Rat lungworm is a rare disease, affecting only a small number of people. Most cases are mild and go away on their own, but the worm is still dangerous. Its symptoms include headache, stiff neck, fever, and tingling of the skin. It can be debilitating and can even lead to eosinophilic meningitis, which is the most serious form of the disease. The symptoms can last anywhere from a few days to a few weeks.
Rat lungworm can be contracted through a number of different ways. People who eat undercooked fresh fruit or vegetables are at risk for contracting rat lungworm. It can also be transmitted through slugs, which are often found in gardens and may carry rat lungworms to humans. While the disease is not widespread, it can be fatal if left untreated.
Most cases of rat lungworm in Hawaii have occurred on the Big Island. It has also been found on neighboring islands. However, the risk of infection is statewide, so people should still follow precautions and follow the recommendations to avoid infection. The symptoms of the disease can be debilitating for your rat, so it is important to know what to do and how to prevent it.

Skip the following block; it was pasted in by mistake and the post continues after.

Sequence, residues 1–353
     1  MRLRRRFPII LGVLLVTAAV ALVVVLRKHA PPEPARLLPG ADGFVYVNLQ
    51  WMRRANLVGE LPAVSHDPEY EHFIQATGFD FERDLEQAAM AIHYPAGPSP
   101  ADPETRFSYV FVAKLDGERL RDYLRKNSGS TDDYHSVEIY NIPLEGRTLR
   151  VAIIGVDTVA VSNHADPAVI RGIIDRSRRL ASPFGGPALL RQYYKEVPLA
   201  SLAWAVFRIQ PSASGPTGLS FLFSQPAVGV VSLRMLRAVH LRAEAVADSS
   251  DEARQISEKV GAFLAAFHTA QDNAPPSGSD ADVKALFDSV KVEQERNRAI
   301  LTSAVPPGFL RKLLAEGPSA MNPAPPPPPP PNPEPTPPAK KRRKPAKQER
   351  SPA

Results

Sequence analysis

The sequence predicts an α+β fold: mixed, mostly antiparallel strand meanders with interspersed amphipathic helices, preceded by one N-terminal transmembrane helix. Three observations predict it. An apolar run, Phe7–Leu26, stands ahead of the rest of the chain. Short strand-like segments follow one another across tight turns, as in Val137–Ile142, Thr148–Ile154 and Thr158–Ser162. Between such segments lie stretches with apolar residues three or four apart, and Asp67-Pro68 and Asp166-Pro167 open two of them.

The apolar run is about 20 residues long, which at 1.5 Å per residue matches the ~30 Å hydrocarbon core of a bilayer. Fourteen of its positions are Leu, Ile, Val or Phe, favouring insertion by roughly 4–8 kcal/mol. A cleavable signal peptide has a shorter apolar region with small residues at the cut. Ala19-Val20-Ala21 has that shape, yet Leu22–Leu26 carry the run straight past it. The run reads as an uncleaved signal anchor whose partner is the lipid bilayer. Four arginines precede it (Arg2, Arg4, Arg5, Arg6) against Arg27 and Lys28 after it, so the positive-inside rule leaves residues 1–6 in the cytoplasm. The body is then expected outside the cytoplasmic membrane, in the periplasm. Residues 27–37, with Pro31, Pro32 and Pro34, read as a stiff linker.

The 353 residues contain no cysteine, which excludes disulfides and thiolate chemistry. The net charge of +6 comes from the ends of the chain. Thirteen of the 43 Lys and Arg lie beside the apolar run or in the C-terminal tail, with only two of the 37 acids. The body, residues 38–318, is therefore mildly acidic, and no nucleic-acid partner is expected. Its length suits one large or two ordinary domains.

The rat lungworm is an infectious blight that has been found in thirty countries across five continents. The worm has been found in mammals, fish, and reptiles as intermediate and definitive hosts. It has also been found in humans, but cases in people have been rare.